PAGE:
We want to encourage nurses and midwives to reflect on their practice, so they can identify any improvements or changes to their practice as a result of what they have learnt.
Each of your five reflections can be about an instance of CPD, feedback or an event or experience from your work as a nurse or midwife – you can even write a reflection about a combination of these. It’s important to think about the Code when you write your reflections, and consider the role of the Code in your practice and professional development.
We have provided a form which sets out the different things you need to think about when writing your reflections. You must use this form to record your written reflective accounts. You may store this form either electronically or in paper form.
We have provided some examples of completed reflective accounts that you might find helpful in thinking about how to approach the requirement. These accounts don’t need to be lengthy or academic-style pieces of writing. You can simply note down what you learnt, how it improved your practice, and how it relates to the Code.
You should be careful not to record any information in your reflective accounts which may identify another person. Our section on non-identifiable information has more information about this. Please see page 14 in How to revalidate with the NMC.
As a large proportion of your reflective account is based on your own experience, it is normally appropriate to use the first person ('I'). However, most assignments containing reflective writing will also include academic writing. You are therefore likely to need to write both in the first person ("I felt…") and in the third person ("Smith (2009) proposes that …"). Identify which parts of your experience you are being asked to reflect on and use this as a guide to when to use the first person. Always check your guidelines if you are not sure. If guidelines are not available then, in your introduction, explain when and why you are going to use "I" in your writing.
You will produce a balance by weaving together sections of 'I thought… 'I felt,…' and the relevant academic theories in the same section or paragraph. This is more effective than having a section which deals with the theory and a separate section dealing with your experiences.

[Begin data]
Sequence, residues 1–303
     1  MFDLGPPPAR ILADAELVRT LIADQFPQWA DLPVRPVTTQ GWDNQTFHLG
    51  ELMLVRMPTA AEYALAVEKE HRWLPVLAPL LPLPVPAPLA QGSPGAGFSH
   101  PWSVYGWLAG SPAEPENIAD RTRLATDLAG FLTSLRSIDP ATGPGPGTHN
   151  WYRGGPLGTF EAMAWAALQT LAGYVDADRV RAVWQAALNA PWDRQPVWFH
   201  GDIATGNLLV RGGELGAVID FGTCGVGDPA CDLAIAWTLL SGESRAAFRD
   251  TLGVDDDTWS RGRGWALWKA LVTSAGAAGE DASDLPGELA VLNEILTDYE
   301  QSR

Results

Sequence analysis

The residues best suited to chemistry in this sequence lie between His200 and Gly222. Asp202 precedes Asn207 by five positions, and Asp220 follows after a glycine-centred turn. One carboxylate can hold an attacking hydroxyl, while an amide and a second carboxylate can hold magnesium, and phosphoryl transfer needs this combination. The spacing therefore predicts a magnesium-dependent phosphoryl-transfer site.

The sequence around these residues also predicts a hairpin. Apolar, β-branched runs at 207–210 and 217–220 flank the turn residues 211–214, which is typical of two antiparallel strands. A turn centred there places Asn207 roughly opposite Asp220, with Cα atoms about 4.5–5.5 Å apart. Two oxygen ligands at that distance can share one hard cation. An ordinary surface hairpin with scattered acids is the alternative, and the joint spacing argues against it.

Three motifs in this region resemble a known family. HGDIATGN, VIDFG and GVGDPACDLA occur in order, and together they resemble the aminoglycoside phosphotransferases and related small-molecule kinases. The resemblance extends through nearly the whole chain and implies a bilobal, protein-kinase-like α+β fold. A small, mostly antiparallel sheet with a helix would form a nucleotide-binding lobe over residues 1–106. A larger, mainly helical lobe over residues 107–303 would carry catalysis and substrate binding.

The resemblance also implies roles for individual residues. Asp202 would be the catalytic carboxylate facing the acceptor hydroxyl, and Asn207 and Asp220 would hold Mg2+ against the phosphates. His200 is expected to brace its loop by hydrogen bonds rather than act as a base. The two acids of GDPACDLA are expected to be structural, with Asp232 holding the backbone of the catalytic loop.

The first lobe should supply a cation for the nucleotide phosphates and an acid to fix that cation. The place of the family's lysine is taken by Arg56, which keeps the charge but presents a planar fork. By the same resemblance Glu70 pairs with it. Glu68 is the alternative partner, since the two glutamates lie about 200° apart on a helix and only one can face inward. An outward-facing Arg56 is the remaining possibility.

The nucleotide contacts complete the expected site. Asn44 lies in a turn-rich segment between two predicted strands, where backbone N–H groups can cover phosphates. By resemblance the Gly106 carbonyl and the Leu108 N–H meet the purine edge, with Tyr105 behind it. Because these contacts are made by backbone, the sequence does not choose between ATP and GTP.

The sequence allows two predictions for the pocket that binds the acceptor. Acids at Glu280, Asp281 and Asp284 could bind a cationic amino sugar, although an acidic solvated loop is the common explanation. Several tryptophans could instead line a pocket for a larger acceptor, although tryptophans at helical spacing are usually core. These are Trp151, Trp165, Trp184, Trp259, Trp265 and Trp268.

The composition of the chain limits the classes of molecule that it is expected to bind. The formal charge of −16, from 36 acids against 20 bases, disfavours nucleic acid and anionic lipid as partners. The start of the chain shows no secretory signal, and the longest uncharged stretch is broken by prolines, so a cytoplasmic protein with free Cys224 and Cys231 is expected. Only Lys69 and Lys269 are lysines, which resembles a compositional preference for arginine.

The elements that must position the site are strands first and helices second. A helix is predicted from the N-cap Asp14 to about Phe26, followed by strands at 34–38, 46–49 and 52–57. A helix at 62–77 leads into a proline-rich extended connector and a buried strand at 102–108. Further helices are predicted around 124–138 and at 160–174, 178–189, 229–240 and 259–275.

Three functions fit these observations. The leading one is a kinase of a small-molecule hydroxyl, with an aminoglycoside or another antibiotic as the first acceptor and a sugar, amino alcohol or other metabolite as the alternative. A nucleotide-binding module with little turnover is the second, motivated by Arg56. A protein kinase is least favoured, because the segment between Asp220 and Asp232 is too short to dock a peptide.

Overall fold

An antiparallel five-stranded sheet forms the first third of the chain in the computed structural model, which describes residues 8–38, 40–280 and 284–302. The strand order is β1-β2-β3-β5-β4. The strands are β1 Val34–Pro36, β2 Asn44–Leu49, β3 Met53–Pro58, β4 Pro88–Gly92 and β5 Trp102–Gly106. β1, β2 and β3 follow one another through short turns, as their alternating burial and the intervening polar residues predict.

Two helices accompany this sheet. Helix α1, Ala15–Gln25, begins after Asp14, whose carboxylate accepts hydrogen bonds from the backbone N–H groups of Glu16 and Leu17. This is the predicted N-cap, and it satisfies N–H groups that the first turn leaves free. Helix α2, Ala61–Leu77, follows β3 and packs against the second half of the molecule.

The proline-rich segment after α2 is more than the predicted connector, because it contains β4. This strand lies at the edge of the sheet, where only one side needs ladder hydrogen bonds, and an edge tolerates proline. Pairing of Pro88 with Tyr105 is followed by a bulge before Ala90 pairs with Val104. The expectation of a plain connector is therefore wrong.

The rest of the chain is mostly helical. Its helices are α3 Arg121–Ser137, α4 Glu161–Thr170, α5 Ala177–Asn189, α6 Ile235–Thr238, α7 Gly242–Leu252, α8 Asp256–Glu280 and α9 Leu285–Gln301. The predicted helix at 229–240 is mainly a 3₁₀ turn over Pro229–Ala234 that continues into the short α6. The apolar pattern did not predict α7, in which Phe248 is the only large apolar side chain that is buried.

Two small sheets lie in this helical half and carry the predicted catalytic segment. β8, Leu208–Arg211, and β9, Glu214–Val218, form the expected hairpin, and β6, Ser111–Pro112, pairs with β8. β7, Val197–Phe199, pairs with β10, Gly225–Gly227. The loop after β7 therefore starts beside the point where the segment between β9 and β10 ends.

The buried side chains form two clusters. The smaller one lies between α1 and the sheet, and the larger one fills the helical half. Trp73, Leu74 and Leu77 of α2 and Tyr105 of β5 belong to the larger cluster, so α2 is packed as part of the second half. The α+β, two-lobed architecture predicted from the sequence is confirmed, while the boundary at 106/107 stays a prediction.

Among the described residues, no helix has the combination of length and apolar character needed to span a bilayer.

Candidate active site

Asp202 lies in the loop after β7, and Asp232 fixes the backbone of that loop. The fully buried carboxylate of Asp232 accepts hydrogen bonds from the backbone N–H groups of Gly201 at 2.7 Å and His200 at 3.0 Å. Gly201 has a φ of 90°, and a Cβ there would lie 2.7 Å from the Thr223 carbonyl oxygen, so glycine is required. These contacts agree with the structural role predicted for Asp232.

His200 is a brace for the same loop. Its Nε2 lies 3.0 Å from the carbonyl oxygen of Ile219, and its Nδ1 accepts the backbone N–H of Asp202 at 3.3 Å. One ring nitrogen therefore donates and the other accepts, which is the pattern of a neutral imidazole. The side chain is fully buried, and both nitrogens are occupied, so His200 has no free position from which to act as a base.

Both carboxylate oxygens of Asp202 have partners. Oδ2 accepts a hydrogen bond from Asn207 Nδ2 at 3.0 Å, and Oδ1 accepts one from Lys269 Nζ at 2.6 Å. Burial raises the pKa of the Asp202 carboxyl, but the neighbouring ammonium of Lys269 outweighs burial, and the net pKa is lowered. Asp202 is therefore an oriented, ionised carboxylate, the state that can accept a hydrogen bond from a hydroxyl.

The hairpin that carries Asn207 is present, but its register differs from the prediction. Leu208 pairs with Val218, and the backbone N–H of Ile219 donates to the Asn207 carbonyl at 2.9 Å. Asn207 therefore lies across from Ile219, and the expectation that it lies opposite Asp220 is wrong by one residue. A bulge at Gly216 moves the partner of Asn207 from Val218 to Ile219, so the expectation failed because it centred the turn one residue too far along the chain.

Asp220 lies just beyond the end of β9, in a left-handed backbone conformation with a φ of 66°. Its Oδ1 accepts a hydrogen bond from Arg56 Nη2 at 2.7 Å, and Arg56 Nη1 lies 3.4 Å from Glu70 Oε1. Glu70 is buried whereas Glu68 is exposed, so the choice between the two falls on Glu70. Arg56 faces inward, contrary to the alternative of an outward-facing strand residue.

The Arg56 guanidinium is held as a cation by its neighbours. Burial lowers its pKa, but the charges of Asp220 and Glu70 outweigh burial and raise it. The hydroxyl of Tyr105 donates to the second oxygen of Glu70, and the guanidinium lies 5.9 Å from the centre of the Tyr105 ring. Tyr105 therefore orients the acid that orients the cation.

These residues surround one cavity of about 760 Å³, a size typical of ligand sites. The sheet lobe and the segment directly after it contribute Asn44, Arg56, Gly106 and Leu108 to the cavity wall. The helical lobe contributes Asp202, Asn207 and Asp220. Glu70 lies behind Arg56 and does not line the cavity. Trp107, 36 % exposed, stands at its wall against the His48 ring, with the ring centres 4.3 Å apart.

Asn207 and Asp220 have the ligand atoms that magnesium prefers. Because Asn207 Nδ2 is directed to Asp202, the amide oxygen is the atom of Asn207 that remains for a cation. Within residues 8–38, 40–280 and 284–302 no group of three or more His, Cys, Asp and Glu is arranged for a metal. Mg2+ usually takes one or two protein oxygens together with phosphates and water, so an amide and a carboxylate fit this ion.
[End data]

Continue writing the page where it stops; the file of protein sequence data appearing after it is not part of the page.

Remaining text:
Try to avoid emotive or subjective terms. Even though you are drawing on your experiences (and they may well have been emotional), you are trying to communicate these to your reader in an academic style. This means using descriptions that everyone would understand in the same way. So rather than writing, "The client was very unhappy at the start of the session", it might be better to write, "The client was visibly distressed", or "The client reported that he was very unhappy". This shows that you are aware that the client's understanding of 'unhappiness' may be quite different from yours or your reader's.
When writing about your reflections use the past tense as you are referring to a particular moment (I felt…). When referring to theory use the present tense as the ideas are still current (Smith proposes that...).
Some examples of how this works in practice:
One objective of the session was to help the client to understand the connection between her thoughts, feelings and behaviours. This is an important aim of HSD (Bloggs, 2009). To achieve this objective the following HSD method was used ….. (Smith, 2006). At times during the session I was too directive and could have used more open questions to allow the client more opportunity to verbalise her understanding.
During the session the client stated… I wish I had explored this further.